[REVIEW] ABRSM Associated Board of the Royal Schools of Music 2023 & 2024 Piano Exam Pieces: Initial–Grade 8

HomeNews[REVIEW] ABRSM Associated Board of the Royal Schools of Music 2023 & 2024 Piano Exam Pieces: Initial–Grade 8

ABRSM Associated Board of the Royal Schools of Music 2023 & 2024 Piano Exam Pieces:
Initial–Grade 8
Review by Nadia Lasserson for EPTA © 2022

Every two years, the Examination Boards bring out new syllabuses and all teachers and students await the selections with avid interest and curiosity. The new syllabus offers a far wider range of repertoire than ever before with a total of thirty-nine pieces in each Grade. Once again, every student is catered for with all conceivable musical styles on offer at every level. 

The old “Prep Test”, which was never marked but just offered a Certificate with comments, was joined for the first time in 2021 by “In” or Initial Grade with just two scales and arpeggios with 5 notes. It is clearly here to stay and is opening new doors for contemporary composers to cater for this level of performance. As in all the AB Grades, there are three lists of 9 pieces in total, requiring a selection of one from each list. A further 33 pieces are also offered as Alternatives thus opening an enormous range of repertoire all within a five finger hand position and small chords of seconds or thirds. There are some classics by Gurlit, Kabalevsky, Reinagle, Carl Orff & Diabelli; and the contemporary pieces are by well-known pedagogues of the day such as Walter Carroll, Pam Wedgwood, Joan Last, Peter Gritton, Mark Tanner, Karen Marshall & June Armstrong to name a few.   

Grades 1–3 are accepted as Level 1, Grades 4–5 Level 2 and Grades 6–8 Level 3.  

The repertoire in Grades 1–3 have no surprises on the Classical side with Bach, Beethoven, Diabelli, Dussek and Löschhorn. Once again contemporary composers, all of them EPTA UK members with pedagogical expertise, have been invited to contribute: Elissa Milne, David Blackwell, Nancy Litten and Andrew Eales alongside well-established composers such as William Gillock, Florence Price and Martha Meir.  

Level 2, Grades 4 and 5 include many old favourites by Pescetti, Handel, Cimarosa, Haydn, Tchaikovsky, Chaminade, Bartok and Kabalevsky with Chaminade, Florence Price, Dorothy Pilling, Mike Cornick and David Önaç.

Level 3 includes the three final Grades 6–8 with another wonderful mix of repertoire to select. A Study by Stephen Heller is an unusual choice in the “A” list of Grade 6, although it might be a good idea for every candidate at every level to begin their programme with a compulsory study? Elisabetta de Gambarini and Kuhlau complete the first List of this Grade. Granados and Mendelssohn are represented in the B list while the C List is represented with Richard Rodney Bennett, Elissa Milne and Oscar Peterson. Grades 7 and 8 are slightly more conventional in choice of repertoire with works by Haydn, Mozart, Schubert, Tchaikovsky, Chopin, Debussy, Albéniz, Moszkowski, Martinů, Louise Farrenc, Marianne Martinez and Christopher Norton. There are also pieces by J.P. Johnson, Samuel Coleridge-Taylor, Param Vir and the Armenian born composer, Dianne Rahbee.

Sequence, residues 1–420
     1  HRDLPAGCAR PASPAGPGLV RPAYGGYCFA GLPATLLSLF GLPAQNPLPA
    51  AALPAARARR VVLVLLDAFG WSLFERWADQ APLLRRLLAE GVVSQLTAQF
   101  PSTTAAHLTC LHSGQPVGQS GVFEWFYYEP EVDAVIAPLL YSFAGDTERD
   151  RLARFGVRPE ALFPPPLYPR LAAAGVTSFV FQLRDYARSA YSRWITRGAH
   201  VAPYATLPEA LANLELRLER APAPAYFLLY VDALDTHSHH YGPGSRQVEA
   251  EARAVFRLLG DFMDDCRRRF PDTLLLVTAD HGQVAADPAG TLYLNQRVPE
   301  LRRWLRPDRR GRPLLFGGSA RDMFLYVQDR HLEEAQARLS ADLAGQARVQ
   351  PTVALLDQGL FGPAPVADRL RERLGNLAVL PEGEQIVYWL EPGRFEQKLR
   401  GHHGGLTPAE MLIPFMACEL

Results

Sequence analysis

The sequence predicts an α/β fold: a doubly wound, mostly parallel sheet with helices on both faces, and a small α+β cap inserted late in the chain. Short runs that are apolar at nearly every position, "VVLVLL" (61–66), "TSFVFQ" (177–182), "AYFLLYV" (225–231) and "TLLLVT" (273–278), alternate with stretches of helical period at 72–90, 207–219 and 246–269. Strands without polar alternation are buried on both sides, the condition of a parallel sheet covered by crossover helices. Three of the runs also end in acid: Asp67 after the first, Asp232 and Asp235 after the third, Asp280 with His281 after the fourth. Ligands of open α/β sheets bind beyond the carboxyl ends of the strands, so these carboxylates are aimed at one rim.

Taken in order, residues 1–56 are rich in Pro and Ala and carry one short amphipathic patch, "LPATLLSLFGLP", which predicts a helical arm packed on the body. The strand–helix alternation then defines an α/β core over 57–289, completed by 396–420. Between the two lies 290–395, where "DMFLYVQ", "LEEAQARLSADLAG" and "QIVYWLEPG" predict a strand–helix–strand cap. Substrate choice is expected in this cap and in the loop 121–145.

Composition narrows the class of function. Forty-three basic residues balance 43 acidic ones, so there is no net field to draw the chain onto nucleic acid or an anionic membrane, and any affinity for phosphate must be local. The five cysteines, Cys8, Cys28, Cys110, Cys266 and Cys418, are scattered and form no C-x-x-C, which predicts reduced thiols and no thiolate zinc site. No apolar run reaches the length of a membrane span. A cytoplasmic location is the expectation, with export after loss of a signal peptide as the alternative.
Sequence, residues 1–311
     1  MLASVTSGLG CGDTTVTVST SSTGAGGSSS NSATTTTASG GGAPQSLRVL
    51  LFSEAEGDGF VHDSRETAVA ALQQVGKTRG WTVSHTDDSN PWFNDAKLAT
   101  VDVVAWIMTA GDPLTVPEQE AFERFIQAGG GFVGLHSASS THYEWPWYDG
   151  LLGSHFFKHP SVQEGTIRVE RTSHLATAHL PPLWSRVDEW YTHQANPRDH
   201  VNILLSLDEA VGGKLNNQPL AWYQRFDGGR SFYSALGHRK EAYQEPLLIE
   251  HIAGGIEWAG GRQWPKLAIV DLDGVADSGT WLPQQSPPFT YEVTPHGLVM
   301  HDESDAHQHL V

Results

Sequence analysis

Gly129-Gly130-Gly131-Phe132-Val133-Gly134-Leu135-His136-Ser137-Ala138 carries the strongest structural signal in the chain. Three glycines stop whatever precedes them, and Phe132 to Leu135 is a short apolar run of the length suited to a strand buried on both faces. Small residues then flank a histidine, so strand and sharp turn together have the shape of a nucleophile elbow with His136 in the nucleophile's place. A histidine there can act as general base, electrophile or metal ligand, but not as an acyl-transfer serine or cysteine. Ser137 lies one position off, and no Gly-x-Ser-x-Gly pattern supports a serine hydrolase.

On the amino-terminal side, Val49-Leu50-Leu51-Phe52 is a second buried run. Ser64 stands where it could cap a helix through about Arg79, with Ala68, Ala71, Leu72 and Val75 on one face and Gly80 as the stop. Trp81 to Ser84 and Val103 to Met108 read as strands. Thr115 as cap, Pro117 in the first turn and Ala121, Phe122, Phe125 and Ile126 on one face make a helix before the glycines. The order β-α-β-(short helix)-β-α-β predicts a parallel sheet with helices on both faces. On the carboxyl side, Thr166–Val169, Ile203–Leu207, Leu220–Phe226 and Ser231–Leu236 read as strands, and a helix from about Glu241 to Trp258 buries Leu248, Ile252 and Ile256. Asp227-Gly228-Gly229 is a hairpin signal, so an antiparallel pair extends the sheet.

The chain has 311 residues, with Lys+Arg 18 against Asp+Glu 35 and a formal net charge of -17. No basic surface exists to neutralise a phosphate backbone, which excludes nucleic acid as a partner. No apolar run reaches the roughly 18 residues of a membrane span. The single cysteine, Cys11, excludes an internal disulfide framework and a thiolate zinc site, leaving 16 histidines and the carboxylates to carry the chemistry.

This new syllabus is most interesting in that it has included many more women composers than in previous years—in fact this year’s total amounts to 77 pieces by women composers in the Mainstream and Alternative lists. It’s wonderful that so many are now internationally recognised, and even more exciting is the fact that several of them are EPTA members. Dianne Rahbee was actually one of EPTA’s first members in 1978 and her music is renowned all over the world. Some of the Historic Repertoire from Colin Hazel’s New Horizons For Piano (https://cjhazel.co.uk/sheetmusic/newhorizonsforpianoearlygrades/), is included in this new syllabus and EPTA UK members were fortunate enough to hear these charming pieces in a recent webinar offered to members. 

The lengthy Alternative Lists are also a novelty in their sheer volume and wide variety of musical styles.

It is always exciting to begin working with the new Associated Board Syllabus and this 2023–2024 is set to keep millions of candidates happily occupied and absorbed with a plethora of wonderful music. As usual, candidates will be hard pushed to select only three pieces for examination out of a possible 39, and many may well be tempted to prepare several programmes at each Grade as it will be impossible to make decisions. The Associated Board never fail to appeal to a huge cross-section of the musical community in their care to represent the greatest possible variety of musical idioms and styles for everyone to enjoy.